By 1969 Fred Hampton, Martin Luther King, Bunchy Carter, Malcolm X and many others along with Bobby Hutton had been brutally assassinated by the U.S. government and the organizations of the people had been destroyed.

The second step of the U.S. counterinsurgency was to salt the earth to make sure such a movement would never rise up again. They flooded the streets of Oakland and every other African community with crack cocaine and other deadly drugs. They established Jim Crow laws that sent impoverished young Africans to prison for life by the millions on charges that white people would not even be arrested for. They launched the War on the African Community.

Generation after generation of young African people have grown up watching friends, school mates and family members shot down, intimidated, arrested, degraded by a relentless police force that is an occupying army. They faced no future beyond poverty, prison and maybe a two-bit job in the illegal drug trade imposed by the government.

Except for the Uhuru Movement, there was no longer an organized mass movement to voice the interests and aspirations of the African working class and to protest the attacks on African people.

So when Nicholas Lindsay, who is also 17, in St Petersburg, FL or Lovelle Mixon in Oakland resisted this war by allegedly shooting cops in the face of a military occupation that had ground the young men down their entire lives, they walked in the footsteps of Bobby Hutton but without an organization to speak for them.

Every victim of colonial violence and oppression has the human right to resist, anywhere in the world: An Arab youth fighting the IDF in Occupied Palestine; an armed insurgent in Occupied Afghanistan; a so-called “pirate” in Somalia, an African youth in an American inner city.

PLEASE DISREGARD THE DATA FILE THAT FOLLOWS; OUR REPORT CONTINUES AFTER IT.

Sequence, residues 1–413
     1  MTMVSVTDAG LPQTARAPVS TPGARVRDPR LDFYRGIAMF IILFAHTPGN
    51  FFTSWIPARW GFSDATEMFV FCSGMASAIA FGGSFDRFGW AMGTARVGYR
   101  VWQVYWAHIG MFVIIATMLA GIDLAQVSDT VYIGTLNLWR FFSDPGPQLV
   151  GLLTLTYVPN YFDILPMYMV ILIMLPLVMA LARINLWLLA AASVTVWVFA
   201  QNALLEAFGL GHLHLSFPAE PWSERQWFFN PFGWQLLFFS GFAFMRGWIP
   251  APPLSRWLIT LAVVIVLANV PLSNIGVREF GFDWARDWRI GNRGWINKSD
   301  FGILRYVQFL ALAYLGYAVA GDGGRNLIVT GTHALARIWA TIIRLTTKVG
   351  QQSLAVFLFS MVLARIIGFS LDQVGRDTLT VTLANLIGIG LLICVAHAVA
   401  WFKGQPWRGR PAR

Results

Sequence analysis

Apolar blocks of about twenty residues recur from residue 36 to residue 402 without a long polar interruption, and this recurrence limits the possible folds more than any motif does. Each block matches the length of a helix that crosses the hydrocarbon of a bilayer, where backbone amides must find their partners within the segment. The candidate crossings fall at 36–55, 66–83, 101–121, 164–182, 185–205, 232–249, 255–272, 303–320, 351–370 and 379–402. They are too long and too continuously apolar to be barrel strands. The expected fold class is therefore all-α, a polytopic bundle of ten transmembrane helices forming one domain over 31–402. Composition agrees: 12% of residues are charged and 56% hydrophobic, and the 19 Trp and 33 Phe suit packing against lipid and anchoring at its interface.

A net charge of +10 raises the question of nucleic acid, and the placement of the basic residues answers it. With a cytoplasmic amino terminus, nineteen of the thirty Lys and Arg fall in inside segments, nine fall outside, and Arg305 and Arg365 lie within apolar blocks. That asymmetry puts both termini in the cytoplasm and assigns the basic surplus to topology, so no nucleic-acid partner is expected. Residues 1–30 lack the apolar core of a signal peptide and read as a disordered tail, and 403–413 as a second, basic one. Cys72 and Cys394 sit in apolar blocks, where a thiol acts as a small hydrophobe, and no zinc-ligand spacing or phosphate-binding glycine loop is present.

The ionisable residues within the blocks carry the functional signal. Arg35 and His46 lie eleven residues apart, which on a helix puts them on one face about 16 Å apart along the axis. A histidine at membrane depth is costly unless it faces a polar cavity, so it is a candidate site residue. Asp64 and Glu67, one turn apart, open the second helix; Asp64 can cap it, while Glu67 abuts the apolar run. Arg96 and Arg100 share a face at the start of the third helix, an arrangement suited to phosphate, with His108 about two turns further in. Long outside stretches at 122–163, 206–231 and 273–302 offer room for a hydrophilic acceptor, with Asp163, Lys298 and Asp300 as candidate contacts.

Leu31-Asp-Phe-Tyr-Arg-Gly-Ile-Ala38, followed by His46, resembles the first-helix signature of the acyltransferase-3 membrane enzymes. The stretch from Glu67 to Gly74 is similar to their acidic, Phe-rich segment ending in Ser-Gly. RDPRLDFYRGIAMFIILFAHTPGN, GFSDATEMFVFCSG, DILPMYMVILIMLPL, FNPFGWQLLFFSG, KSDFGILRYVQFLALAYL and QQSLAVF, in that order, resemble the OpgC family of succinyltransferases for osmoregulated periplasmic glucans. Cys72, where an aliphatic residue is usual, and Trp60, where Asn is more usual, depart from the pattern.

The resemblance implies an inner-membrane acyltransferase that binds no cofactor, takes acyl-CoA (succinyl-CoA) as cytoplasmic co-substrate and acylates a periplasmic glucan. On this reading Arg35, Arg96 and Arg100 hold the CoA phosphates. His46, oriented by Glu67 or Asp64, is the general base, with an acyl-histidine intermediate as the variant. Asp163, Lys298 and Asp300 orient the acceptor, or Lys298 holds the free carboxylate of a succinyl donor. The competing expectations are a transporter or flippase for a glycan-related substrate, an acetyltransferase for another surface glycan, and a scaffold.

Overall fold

All over the world, people are tired of U.S. occupation, plunder and parasitic domination and are rising up. Including here in the U.S.

For us as white people it is time for us to hear what the majority of humanity is telling us. A prosperous, opportunity-filled life at the expense of everybody else is not viable. People are coming to take back what is theirs. They are fighting for self-determination for their children, families and people.

If we want peace, if we want a future for this planet we need to jump off this pedestal and join oppressed people, beginning with African people, the colonial subjects right here in front of our eyes.

For real change we have to join the people’s struggle to overturn a parasitic system hated by the people of the earth. Join the real 99 percent. Stand in solidarity with African Liberation and Reparations.

That’s what Bobby Hutton stood for in 1968 and it’s still the same struggle today. Get organized. Join the Uhuru Solidarity Movement under the leadership of the African People’s Socialist Party fighting around the world for the liberation of African people everywhere.

Register today for Occupy Imperialism: Crisis, Resistance, Solidarity, June 9-10 in Philadelphia, PA.